Welcome to the website of the Department of Biochemistry
The Department of Biochemistry at the University of Bayreuth comprises groups working on the functional, structural, and mechanistic characterization of proteins. In particular, they study signaling mechanisms in aging and disease (Steegborn lab), protein evolution and design (Höcker lab), and photosensor proteins (Möglich lab). A variety of biochemical and biophysical methods, such as protein spectroscopy, mass spectrometry, computational analyses, and protein crystal structure determination are employed at the Department.
AG Steegborn: Signaling mechanisms in aging and disease – from proteins to targets to drugs
Ongoing demographic changes attract more and more attention to aging-related issues and aging-associated diseases, such as atherosclerosis and Alzheimer’s disease. A well-known aging factor is the accumulation of damage caused by reactive oxygen species (ROS), which are mainly formed during cellular energy metabolism. Consistent with this and further observations of a close connection between metabolism and aging processes, many lifespan influencing proteins are metabolic sensors or regulators.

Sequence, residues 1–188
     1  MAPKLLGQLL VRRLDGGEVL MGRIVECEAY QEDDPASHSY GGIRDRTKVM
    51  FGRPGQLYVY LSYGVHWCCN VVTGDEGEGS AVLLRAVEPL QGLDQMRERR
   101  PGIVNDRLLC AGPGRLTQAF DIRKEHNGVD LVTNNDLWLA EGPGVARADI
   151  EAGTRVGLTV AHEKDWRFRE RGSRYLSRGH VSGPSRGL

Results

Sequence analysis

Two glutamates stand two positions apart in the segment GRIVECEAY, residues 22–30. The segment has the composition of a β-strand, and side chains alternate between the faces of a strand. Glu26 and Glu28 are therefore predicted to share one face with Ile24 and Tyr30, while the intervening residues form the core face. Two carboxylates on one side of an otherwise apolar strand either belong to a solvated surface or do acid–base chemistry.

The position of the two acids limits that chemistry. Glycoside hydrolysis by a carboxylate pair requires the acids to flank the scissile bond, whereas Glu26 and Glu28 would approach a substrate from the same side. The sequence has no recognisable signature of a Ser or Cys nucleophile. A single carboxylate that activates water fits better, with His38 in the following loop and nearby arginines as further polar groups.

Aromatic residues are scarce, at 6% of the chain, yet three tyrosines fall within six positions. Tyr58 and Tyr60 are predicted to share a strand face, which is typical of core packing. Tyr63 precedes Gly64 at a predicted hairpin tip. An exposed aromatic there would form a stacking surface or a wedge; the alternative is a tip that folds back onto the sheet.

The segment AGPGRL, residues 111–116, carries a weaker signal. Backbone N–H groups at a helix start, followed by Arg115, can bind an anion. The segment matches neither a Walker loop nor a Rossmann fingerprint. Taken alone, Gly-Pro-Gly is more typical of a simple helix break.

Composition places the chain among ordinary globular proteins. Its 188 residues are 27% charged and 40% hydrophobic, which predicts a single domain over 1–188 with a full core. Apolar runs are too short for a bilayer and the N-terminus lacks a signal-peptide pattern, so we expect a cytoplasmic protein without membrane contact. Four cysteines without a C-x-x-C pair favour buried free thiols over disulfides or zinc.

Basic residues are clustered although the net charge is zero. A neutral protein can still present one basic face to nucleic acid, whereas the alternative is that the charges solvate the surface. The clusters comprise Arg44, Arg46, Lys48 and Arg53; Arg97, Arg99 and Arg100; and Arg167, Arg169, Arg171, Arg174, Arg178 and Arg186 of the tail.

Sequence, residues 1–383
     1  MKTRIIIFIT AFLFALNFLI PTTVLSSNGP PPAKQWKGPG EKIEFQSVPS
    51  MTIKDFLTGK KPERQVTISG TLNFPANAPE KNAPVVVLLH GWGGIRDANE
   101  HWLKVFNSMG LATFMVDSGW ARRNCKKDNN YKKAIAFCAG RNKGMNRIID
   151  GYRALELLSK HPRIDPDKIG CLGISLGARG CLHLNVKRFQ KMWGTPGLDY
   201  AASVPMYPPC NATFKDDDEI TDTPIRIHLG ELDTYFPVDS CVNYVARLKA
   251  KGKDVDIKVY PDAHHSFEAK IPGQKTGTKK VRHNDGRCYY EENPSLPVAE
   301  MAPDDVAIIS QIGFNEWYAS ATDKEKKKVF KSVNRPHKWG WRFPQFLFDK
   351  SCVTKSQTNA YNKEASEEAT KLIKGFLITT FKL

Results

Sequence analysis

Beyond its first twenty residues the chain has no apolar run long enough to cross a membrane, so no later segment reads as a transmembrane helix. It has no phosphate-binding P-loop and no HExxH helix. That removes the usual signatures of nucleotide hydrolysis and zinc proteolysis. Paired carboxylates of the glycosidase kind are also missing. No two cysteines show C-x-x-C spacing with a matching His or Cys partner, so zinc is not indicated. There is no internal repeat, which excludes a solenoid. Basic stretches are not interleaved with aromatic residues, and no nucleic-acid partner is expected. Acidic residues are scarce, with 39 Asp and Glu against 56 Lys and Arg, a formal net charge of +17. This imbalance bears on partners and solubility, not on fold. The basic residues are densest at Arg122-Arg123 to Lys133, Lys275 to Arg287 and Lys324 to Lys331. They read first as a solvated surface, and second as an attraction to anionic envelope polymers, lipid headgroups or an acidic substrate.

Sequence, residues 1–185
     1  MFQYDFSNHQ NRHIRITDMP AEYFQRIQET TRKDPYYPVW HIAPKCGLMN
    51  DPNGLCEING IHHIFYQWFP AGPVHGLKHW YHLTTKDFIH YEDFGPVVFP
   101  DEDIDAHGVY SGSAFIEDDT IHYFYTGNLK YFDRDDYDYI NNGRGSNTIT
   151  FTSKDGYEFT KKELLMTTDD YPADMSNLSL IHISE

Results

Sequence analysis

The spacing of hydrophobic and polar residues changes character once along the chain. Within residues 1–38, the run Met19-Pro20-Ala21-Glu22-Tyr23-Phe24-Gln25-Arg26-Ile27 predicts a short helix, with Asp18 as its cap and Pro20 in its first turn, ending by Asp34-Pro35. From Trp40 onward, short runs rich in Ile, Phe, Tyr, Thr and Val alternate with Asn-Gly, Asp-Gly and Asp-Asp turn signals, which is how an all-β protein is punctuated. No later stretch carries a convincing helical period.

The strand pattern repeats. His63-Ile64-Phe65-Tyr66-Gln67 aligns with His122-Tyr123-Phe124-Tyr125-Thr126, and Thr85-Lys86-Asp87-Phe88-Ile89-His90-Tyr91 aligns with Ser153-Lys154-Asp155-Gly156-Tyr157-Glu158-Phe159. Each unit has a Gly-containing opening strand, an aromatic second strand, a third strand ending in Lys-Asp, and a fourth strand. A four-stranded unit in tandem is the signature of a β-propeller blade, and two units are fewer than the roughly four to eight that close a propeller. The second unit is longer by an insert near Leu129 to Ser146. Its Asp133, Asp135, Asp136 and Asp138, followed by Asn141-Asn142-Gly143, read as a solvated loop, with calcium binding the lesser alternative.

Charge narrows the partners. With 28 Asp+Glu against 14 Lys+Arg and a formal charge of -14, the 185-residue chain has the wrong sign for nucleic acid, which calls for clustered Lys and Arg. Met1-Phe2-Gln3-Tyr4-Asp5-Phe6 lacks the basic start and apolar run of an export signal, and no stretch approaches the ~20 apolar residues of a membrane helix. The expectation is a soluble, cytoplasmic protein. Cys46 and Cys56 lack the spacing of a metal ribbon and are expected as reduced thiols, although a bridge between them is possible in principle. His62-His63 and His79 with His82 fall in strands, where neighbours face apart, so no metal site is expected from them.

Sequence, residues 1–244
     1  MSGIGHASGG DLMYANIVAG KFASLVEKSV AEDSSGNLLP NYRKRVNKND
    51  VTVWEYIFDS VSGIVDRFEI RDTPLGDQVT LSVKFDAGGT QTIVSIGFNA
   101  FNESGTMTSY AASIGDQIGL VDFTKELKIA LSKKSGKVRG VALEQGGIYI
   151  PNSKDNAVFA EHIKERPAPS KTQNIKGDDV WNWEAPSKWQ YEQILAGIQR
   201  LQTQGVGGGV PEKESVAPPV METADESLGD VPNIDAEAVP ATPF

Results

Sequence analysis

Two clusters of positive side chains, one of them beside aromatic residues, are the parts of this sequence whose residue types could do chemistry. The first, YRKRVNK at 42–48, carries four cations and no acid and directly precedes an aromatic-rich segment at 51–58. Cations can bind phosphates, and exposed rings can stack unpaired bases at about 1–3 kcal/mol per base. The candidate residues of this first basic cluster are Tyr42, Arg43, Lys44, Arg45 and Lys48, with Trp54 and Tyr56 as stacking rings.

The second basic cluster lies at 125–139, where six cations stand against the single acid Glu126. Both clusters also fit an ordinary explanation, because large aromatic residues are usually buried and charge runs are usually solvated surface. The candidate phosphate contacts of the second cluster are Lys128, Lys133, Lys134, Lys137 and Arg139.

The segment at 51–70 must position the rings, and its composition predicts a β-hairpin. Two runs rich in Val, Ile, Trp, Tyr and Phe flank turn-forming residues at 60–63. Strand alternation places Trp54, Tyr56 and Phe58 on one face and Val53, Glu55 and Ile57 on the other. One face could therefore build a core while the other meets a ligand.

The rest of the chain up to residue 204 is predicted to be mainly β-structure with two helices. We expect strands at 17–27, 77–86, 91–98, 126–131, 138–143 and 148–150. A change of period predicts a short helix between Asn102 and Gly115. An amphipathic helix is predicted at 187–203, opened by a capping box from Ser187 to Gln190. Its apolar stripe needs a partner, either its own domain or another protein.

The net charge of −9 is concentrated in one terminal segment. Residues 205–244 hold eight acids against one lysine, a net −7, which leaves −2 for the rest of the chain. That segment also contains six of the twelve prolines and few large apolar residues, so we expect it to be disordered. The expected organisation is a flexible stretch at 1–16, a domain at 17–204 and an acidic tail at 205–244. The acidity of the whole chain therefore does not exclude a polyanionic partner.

We aim to understand the molecular details of how these metabolic sensors are regulated and how they interact to control aging processes and disease development. We use biochemical and biophysical methods, such as activity and binding assays and in particular protein xray crystallography, to understand these regulation mechanisms in atomic detail. We then try to develop small molecules that can modulate these mechanisms in order to provide chemical tools for physiological studies and lead compounds for drug development. Such drugs for preventing or treating aging-associated disorders will enable to extend people’s healthy lifespan („healthspan“) and to contain health care costs in times of a rapidly growing elderly population. Read more….
Other research groups at the Department of Biochemistry:
- Sensory Photoreceptors - Prof. Dr. Andreas Möglich
- Protein Evolution and Design - Prof. Dr. Birte Höcker